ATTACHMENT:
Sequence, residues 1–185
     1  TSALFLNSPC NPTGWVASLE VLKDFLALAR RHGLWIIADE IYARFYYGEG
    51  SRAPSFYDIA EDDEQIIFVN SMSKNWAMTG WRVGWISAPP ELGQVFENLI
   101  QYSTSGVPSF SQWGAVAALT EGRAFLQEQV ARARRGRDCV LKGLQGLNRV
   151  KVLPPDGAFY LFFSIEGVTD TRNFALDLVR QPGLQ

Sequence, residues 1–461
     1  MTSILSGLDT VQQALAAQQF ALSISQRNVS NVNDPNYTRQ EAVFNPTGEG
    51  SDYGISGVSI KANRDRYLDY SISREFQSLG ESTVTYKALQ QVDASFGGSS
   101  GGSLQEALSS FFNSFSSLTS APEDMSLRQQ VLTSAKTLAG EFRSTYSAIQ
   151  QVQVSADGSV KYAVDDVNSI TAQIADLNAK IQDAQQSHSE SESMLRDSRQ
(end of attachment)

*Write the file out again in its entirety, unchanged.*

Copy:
Sequence, residues 1–185
     1  TSALFLNSPC NPTGWVASLE VLKDFLALAR RHGLWIIADE IYARFYYGEG
    51  SRAPSFYDIA EDDEQIIFVN SMSKNWAMTG WRVGWISAPP ELGQVFENLI
   101  QYSTSGVPSF SQWGAVAALT EGRAFLQEQV ARARRGRDCV LKGLQGLNRV
   151  KVLPPDGAFY LFFSIEGVTD TRNFALDLVR QPGLQ

Sequence, residues 1–461
     1  MTSILSGLDT VQQALAAQQF ALSISQRNVS NVNDPNYTRQ EAVFNPTGEG
    51  SDYGISGVSI KANRDRYLDY SISREFQSLG ESTVTYKALQ QVDASFGGSS
   101  GGSLQEALSS FFNSFSSLTS APEDMSLRQQ VLTSAKTLAG EFRSTYSAIQ
   151  QVQVSADGSV KYAVDDVNSI TAQIADLNAK IQDAQQSHSE SESMLRDSRQ